“The second aspect of food waste is it’s something consumers have a personal stake in. Many aspects of food sustainability are in the hands of producers or brands, but consumers can have an influence in reducing their own food waste—that’s something that’s attainable and in their control. Food marketers can lean into this curiosity by giving consumers ideas to reduce food waste. For example, the Watermelon Board does this nicely with their ‘Use the Whole Watermelon’ messaging, teaching consumers how to cut and store watermelon and even use the rind.”

Putting It All Together

The Consumer Curiosity Report was the first inaugural report developed by the team at Curious Plot to not only learn how food-forward consumers think and behave, but to help establish, foster, and share new food trends from home to aisle, retail to restaurant.

Final analysis of the data—at least at this early juncture—proffered two questions to the food/bev space:

  • How can brands deliver an easy, inspiring sense of culinary exploration?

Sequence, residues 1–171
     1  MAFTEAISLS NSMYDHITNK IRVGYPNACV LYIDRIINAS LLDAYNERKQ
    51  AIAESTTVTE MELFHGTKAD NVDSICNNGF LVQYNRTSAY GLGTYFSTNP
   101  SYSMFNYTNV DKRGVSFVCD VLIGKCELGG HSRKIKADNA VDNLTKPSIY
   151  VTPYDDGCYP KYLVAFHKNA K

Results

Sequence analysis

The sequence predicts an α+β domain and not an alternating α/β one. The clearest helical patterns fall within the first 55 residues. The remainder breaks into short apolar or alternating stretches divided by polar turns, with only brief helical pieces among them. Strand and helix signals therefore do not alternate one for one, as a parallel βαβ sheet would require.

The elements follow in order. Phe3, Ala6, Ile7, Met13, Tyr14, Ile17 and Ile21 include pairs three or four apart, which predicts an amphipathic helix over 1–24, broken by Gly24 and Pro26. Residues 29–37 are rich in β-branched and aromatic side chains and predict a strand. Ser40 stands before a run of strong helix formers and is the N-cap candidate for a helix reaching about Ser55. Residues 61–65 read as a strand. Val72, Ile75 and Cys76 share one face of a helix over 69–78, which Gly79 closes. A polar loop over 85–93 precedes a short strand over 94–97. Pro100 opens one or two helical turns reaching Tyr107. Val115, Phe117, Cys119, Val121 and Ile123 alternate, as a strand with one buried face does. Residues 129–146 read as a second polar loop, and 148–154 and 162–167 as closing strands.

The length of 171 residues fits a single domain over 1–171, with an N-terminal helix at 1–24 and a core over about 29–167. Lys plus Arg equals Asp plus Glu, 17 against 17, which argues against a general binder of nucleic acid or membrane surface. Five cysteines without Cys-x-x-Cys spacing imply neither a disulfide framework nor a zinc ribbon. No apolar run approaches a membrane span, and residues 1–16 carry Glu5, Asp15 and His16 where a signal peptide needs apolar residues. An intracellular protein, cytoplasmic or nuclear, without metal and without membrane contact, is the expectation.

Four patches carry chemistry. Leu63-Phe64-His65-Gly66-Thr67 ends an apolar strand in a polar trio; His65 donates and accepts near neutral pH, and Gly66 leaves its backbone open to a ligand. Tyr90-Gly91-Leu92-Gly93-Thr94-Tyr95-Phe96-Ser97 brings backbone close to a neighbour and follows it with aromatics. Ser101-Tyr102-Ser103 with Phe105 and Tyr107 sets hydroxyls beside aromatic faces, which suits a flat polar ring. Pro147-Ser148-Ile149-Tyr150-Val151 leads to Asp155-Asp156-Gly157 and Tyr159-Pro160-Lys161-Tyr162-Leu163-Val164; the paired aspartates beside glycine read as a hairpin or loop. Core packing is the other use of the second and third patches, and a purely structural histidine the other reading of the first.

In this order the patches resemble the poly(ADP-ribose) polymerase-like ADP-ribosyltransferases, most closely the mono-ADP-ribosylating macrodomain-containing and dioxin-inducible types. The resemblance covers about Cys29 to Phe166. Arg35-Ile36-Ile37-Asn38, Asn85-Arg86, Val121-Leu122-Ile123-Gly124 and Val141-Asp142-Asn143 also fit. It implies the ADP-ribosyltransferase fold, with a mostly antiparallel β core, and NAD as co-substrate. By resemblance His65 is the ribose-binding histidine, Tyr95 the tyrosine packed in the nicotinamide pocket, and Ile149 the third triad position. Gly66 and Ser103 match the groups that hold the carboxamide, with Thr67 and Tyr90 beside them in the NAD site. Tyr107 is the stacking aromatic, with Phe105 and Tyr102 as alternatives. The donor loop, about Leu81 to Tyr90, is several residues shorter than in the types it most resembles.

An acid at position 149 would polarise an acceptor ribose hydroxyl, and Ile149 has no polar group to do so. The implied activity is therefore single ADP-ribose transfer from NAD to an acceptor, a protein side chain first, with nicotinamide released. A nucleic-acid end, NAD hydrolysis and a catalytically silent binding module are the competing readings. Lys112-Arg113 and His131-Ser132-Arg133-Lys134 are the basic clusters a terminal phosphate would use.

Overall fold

• How can brands nurture and leverage consumer curiosities?

If companies can deliver the triple-threat knockout punch of nutritional value, culinary intrigue through flavor and texture, and deliver an eco-conscious experience, they’ll capture consumers out at the cresting wave of new food trends, self-sustaining customer loyalty, and cutting-edge food tech via creative packaging with something equally novel, nutritious, and values-affirming within.

“The report you’re seeing only scratches the surface with the data we have; we’re intentionally withholding data and will be releasing three separate reports in a rolling fashion. For example, in the nutrition category, gut health and cognitive benefits were popular. But we want to share a deeper dive on that, asking how does that change by age? By location? How do those curiosities change by gender? Are those findings the same for those who eat meat or who don’t eat meat? 

Now more than ever, consumers want to celebrate their identities through the brands they support and cherish. Through food, you might say, we celebrate ourselves, and Curious Plot hopes to offer further insight in the months to come.

Download the full report here.